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Money Manager Capitalism and the Global Financial Crisis

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  • L. Randall Wray

Abstract

This paper applies Hyman Minsky's approach to provide an analysis of the causes of the global financial crisis. Rather than finding the origins in recent developments, this paper links the crisis to the long-term transformation of the economy from a robust financial structure in the 1950s to the fragile one that existed at the beginning of this crisis in 2007. As Minsky said, "Stability is destabilizing": the relative stability of the economy in the early postwar period encouraged this transformation of the economy. Today's crisis is rooted in what he called "money manager capitalism," the current stage of capitalism dominated by highly leveraged funds seeking maximum returns in an environment that systematically under-prices risk. With little regulation or supervision of financial institutions, money managers have concocted increasingly esoteric instruments that quickly spread around the world. Those playing along are rewarded with high returns because highly leveraged funding drives up prices for the underlying assets. Since each subsequent bust wipes out only a portion of the managed money, a new boom inevitably rises. Perhaps this will prove to be the end of this stage of capitalism--the money manager phase. Of course, it is too early even to speculate on the form capitalism will take. I will only briefly outline some policy implications.

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  • L. Randall Wray, 2009. "Money Manager Capitalism and the Global Financial Crisis," Economics Working Paper Archive wp_578, Levy Economics Institute.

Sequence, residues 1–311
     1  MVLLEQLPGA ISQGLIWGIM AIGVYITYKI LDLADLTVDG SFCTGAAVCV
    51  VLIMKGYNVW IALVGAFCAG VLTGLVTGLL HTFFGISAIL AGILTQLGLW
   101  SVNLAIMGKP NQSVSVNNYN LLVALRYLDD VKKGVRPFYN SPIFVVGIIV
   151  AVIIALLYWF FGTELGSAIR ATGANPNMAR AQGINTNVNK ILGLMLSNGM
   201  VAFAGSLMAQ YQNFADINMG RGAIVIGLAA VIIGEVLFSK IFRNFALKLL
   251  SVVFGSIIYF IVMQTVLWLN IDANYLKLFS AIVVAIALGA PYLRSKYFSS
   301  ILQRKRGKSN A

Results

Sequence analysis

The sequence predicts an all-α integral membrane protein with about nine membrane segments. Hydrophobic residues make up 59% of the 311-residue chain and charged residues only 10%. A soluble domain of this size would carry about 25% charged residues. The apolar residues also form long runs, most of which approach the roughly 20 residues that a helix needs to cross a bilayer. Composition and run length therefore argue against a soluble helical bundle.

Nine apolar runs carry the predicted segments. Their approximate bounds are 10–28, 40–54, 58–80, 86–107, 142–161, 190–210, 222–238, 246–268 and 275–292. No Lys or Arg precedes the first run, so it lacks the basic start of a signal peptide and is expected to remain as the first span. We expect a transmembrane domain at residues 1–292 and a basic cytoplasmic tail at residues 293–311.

• Handle: RePEc:lev:wrkpap:wp_578
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    Cited by:

    1. Ashwani Saith, 2011. "Forum 2011," Development and Change, International Institute of Social Studies, vol. 42(1), pages 70-86, January.
    2. Phil Briggs & Carly Harker & Tim Ng & Aidan Yao, 2011. "Fluctuations in the international prices of oil, dairy products, beef and lamb between 2000 and 2008: A review of market-specific demand and supply factors," Reserve Bank of New Zealand Discussion Paper Series DP2011/02, Reserve Bank of New Zealand.
    3. Hein, Eckhard, 2011. "Distribution, ‘Financialisation’ and the Financial and Economic Crisis – Implications for Post-crisis Economic Policies," MPRA Paper 31180, University Library of Munich, Germany.
    4. Amit Bhaduri, 2011. "A contribution to the theory of financial fragility and crisis," Cambridge Journal of Economics, Oxford University Press, vol. 35(6), pages 995-1014.
    5. Bill Lucarelli, 2011. "The Economics of Financial Turbulence," Books, Edward Elgar Publishing, number 14252.
    6. Costa Cabral, Nazare, 2010. "Breve guia temático e bibliográfico sobre o estudo da actual crise financeira e económica
      [Short thematic guide to the study of current financial and economic crisis]
      ," MPRA Paper 20743, University Library of Munich, Germany.
    7. Eckhard Hein, 2012. "The Macroeconomics of Finance-Dominated Capitalism – and its Crisis," Books, Edward Elgar Publishing, number 14931.
    8. Strachman, Eduardo & Fucidji, José Ricardo, 2010. "The Current Financial and Economic Crisis: Empirical and Methodological Issues," MPRA Paper 27130, University Library of Munich, Germany.
    9. Jörg Bibow, 2010. "Alternative Strategien der Budgetkonsolidierung in Österreich nach der Rezession," IMK Studies 03-2010, IMK at the Hans Boeckler Foundation, Macroeconomic Policy Institute.
    10. Vijay Kumar Varadi, 2012. "An evidence of speculation in Indian commodity markets," EconStor Preprints 57430, ZBW - German National Library of Economics.
    11. Amit Bhaduri, 2010. "A Contribution to the Theory of Financial Fragility and Crisis," Economics Working Paper Archive wp_593, Levy Economics Institute.

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